Martsishevskiy Funeral

The mourners used the afternoon to vent their frustration that, like Vladimir, the “heroic hundred” who died defending the square in February still haven’t been avenged. Many of the Berkut riot police officers fled to Crimea and are now safely protected by Russia; others are now reportedly fighting against the Ukrainian army in the Donetsk and Luhansk regions.

The distraction of war in the east has been an effective tool for Poroshenko, Klitschko and company, who, despite the ongoing occupation of Maidan Nezalezhnosti, are forgiven by most for not being entirely accountable. Poroshenko has not yet sold his businesses and major assets as he guaranteed he would when inaugurated as President, and has not yet enacted the sweeping reforms required to rid the government of the corruption that has plagued Ukraine since its independence in 1991. Many members of parliament accused of working against the country’s interests remain in their positions.

On my last morning in Kyiv, one unimpressed businesswoman was the focus of attention on the square, producing a sign demanding the self-defence forces “clean this mess” and suggesting to those protesting her presence that they take a train to the east and fight if they actually want to help. She pointed out the drunks, calling the wider group “freeloaders and morons,” before storming from the square, closely followed by a detachment of self-defence forces.

While no capital city with a long and proud history should look as littered as Kyiv does today, given Ukraine’s history of relapse after revolution, I’m lead to believe that perhaps the real battle hasn’t actually moved east and is as these men see it: right in the centre of Kyiv. Indeed, the old system is not yet hanging from that soapy rope.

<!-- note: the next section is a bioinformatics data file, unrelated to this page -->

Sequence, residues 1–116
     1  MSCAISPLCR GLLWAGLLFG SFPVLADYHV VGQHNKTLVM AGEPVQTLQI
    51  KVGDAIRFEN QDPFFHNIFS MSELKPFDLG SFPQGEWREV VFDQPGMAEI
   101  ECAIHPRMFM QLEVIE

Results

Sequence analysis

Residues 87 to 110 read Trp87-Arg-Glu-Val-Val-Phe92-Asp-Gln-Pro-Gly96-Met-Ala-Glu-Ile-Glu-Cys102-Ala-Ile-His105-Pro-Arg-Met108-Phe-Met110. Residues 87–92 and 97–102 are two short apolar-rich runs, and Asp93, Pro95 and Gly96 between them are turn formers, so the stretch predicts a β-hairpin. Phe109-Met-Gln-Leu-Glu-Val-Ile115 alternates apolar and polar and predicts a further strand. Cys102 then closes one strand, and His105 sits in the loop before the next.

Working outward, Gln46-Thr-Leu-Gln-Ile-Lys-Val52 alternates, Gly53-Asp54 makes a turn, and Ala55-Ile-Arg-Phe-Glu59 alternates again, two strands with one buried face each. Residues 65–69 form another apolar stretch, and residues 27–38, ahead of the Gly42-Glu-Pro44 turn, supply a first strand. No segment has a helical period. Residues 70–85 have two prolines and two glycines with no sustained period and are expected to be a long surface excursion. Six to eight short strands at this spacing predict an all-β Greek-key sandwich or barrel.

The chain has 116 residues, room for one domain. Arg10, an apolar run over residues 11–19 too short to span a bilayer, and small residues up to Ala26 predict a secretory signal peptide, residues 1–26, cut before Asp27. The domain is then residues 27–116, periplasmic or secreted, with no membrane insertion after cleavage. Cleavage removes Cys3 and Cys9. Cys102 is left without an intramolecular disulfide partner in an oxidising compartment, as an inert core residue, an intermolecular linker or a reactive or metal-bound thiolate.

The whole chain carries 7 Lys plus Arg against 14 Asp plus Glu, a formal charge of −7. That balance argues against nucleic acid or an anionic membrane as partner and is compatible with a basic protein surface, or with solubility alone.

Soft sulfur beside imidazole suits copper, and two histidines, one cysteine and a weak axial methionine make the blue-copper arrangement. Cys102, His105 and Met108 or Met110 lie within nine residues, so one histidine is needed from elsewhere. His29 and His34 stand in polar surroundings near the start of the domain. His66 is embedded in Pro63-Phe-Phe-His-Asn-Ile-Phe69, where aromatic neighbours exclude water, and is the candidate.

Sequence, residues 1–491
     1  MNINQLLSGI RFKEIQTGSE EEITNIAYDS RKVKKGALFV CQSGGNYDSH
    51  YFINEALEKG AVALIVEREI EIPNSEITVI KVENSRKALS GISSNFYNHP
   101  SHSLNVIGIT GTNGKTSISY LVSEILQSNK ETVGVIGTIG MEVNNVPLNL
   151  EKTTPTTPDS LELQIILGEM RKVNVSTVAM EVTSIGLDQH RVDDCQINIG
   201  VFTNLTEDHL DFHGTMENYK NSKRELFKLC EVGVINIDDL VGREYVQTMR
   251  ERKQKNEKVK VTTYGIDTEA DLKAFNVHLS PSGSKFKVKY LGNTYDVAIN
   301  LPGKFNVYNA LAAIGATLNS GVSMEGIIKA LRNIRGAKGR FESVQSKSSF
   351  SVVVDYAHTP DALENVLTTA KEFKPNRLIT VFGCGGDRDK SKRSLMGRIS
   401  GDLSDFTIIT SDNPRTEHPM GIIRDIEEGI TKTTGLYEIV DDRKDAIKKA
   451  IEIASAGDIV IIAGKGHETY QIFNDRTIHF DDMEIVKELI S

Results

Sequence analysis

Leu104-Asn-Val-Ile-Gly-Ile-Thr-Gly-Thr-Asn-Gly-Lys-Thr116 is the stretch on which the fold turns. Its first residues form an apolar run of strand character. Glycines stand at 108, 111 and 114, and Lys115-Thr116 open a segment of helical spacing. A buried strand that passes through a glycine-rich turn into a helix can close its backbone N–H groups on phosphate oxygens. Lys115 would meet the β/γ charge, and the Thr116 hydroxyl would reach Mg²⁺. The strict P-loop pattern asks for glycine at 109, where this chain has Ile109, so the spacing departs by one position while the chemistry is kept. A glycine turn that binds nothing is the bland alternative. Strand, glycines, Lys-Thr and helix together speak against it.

An Assessment of the June 2 Luhansk Administration Building Attacks

Note to the reader (Oct 2020): I first published this piece the day following the explosion at the Luhansk Administration Building on June 2, 2014. While content was subsequently added in the days that followed (as commentary to that effect below will indicate), I have made no effort to sanitise what follows. As a result, what follows amounts to a pretty crude analysis of those events that gives a snapshot of my abilities as both a writer and OSINT interpreter at that time. More importantly, six years on I still stand by the conclusions I drew back then. Please forgive the amateurish images, especially if you’re colourblind. It wasn’t until late 2014 that Bellingcat had really professionalised OSINT investigations.  -Tom

There is no doubt people were killed yesterday after the Luhansk regional administration building was attacked. Just how many remains to be seen, though reports indicate at least five.

What is in doubt, however, was who orchestrated the attacks. Russian media claims it was the Ukrainian military, specifically an SU-25 using “cluster bombs to deliver a pinpoint strike“.

Western media is skeptical, and Ukrainian media completely disagrees with the theory, arguing that while the Ukrainian Air Force was in the Luhansk Oblast, it was providing support at a border post being sieged by some 500 separatists.

The Permanent Representative of Ukraine to the United Nations, Yuriy Sergeyev, was questioned on the subject (6:44) and responded, “no… even Russian experts recognise that it was not a Ukrainian air-strike… it was misuse of grenades by the terrorists themselves. No bombing either by air-plane or artillery was permitted by the Ministry of Defence.”

There is much conjecture on both English- and Russian-language social media regarding the incident, so I decided to investigate myself.

The video below was one of the first to surface after the incident, and shows Shevchenko Park in Luhansk.